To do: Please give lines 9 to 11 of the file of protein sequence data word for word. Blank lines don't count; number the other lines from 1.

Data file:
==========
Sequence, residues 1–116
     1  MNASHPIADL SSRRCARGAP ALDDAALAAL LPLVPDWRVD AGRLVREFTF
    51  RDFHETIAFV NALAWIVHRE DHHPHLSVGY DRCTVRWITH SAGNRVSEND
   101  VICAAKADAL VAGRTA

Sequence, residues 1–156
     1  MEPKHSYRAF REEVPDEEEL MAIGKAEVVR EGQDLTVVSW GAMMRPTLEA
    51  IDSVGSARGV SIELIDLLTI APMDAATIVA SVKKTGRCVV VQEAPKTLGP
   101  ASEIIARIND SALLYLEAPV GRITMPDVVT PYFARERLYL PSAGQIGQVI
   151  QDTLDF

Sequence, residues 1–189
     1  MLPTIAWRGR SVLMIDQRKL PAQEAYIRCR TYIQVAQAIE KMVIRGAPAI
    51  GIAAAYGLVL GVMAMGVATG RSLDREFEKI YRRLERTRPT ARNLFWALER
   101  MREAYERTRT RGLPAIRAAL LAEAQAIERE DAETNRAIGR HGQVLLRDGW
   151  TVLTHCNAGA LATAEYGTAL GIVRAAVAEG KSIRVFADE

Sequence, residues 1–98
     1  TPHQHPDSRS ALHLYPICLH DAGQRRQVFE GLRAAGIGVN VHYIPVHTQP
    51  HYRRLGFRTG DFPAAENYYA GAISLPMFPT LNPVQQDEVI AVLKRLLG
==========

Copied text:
   151  QDTLDF

Sequence, residues 1–189
     1  MLPTIAWRGR SVLMIDQRKL PAQEAYIRCR TYIQVAQAIE KMVIRGAPAI